THERE ARE at least three reasons to admire the musician Stephen Warbeck apart from his musicianship.
One, he lives close to the Arsenal ground in north London and has no interest in football - doesn't even pretend to be interested (jokes about his proximity to Arsenal, b-o-r-i-n-g and so on, as the particular explanation for this unfashionable ignorance would simply pass him by).
Two, he can play the accordion for pass-the-parcel at children's parties for an hour or so and always manage to avoid "The Happy Wanderer".
Three, he drives around his partner and three young children in a VW camper of such age and interior confusion that it might still be on the run to Kathmandu.
Often (a fourth reason for admiration) he pilots a tandem.
On Tuesday he was nominated for an Oscar. You probably won't have read about this. Every newspaper reported that Shakespeare in Love had 13 nominations, and then lost interest in the list after Gwyneth Paltrow. (As rivers of information, newspapers are drying up - the idea that people without access to the Internet will constitute an information underclass is beginning to be true). In fact, I wouldn't have known either about his nomination in the "original musical and comedy score" category had we not been neighbours who dropped off children at the same school.
On Monday morning as we chatted on the pavement, I said how much we'd enjoyed Shakespeare in Love the previous night; "enjoyable" is the word that tends to be used about the film, as if being less enjoyable would make it finer and worthier.
Warbeck said he didn't think his music stood much chance of a nomination in the Academy Awards. The idea that it might had never occurred to me. Warbeck is such a wry and modest man and the Oscars, however absurd, seem to exist on a higher plane than the natural world; playtime for the Gods. The thought that they could reach down from their stretch limos in Hollywood and touch Warbeck on his tandem in Highbury was thrilling. If he was nominated - if he won! - our street, his street, the launderette and takeaways in between - all these would be suddenly blessed and their spirits kindled; a little touch of Harry in the night.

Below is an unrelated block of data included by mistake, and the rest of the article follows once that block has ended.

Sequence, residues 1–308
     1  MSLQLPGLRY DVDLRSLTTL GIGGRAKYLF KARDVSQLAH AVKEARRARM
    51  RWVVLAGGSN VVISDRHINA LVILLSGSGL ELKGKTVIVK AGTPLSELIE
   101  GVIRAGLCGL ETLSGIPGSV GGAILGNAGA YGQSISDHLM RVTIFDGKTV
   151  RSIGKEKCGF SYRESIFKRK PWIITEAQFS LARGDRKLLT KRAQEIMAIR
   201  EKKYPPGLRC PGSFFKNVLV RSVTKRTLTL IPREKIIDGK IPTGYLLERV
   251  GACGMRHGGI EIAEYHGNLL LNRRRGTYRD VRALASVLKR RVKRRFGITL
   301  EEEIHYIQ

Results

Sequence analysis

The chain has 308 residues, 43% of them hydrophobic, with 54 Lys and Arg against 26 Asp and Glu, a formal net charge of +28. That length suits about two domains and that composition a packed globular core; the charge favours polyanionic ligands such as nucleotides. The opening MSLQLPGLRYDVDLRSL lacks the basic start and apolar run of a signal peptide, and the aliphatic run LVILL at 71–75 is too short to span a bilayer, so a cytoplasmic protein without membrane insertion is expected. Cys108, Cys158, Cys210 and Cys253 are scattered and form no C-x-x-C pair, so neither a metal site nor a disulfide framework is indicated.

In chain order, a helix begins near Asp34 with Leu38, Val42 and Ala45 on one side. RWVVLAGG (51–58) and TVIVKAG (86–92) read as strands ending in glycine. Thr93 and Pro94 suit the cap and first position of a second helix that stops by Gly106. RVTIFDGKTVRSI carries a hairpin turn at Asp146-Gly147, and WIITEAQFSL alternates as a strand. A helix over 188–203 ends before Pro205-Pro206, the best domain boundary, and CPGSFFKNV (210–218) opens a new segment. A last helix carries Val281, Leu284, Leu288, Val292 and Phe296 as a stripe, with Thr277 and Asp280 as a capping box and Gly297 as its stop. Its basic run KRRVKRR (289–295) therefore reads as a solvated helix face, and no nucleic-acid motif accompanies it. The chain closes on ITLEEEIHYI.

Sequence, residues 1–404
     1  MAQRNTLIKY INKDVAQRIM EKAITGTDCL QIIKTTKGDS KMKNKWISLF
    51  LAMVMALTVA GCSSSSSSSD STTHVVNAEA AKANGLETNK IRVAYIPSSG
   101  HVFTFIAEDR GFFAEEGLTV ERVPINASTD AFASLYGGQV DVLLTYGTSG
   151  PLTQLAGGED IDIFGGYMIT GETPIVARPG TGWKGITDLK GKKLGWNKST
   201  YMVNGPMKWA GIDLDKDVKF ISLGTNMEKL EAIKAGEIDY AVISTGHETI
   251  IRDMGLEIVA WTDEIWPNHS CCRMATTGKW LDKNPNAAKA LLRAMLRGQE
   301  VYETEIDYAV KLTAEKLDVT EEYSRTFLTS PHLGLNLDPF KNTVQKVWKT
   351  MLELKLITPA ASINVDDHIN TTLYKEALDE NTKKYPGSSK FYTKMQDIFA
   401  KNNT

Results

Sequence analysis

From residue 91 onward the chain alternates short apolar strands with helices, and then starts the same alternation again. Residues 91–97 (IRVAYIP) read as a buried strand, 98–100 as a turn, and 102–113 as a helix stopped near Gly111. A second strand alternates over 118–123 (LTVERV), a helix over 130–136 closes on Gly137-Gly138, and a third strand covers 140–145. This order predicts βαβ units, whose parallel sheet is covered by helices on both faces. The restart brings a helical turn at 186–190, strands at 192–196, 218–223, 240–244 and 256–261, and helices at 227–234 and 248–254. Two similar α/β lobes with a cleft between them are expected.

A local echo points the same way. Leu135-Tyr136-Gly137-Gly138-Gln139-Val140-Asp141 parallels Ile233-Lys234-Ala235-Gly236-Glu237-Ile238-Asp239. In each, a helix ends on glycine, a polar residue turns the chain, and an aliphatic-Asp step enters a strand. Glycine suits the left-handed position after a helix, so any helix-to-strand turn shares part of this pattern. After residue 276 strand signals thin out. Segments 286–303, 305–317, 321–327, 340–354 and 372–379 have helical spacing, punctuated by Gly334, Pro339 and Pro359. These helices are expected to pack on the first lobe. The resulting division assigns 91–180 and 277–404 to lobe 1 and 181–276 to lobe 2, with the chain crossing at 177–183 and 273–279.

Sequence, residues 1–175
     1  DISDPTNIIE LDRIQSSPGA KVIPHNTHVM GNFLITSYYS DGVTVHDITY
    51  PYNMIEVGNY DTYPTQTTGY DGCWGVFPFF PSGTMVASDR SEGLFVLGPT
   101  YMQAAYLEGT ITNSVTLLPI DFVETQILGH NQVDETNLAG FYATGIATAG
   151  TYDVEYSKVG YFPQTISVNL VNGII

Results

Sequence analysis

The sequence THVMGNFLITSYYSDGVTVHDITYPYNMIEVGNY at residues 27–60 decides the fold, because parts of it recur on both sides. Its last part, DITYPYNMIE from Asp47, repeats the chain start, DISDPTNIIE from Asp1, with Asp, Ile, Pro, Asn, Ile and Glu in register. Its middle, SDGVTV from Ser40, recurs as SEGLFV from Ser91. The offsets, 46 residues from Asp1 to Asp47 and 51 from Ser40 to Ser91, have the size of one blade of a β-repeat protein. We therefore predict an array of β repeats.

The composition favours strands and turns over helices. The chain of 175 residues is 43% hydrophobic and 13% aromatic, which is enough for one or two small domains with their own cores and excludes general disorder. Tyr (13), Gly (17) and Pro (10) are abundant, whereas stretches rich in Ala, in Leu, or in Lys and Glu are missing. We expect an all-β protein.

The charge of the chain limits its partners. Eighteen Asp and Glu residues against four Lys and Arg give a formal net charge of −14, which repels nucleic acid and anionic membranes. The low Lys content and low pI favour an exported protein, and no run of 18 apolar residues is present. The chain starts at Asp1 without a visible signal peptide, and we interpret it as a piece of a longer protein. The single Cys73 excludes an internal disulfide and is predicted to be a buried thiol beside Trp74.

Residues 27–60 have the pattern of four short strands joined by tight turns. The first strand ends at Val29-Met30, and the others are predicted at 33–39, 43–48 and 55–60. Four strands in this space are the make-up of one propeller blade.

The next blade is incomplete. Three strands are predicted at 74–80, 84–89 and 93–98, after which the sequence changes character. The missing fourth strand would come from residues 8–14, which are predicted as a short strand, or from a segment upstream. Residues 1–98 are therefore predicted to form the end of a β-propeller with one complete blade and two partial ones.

When I went round to see him on Wednesday evening, squeezing past the tandem in the hall, he looked, as usual, impressively domestic. His clarinet-playing partner, Sarah, was out at a jazz gig. He had a sleeping baby, Mathilda, on his knee and a book of poems by Pablo Neruda on the table. His living room is unlikely to feature in Hello! magazine. Too much evidence of living, jumbling happily across floors, shelves, chests, in fact over every flat surface, vertical and horizontal, apart from the ceiling. People in Beverly Hills might think of it as "Dickensian ethnic".
Some facts about Warbeck. He's 45, has been playing instruments since the age of four, started a rock group at school with his friend Andrew Ranken (who later joined the Pogues), and then, after university, began a theatre career at Stratford East which as it went on became uncertainly divided between acting and music.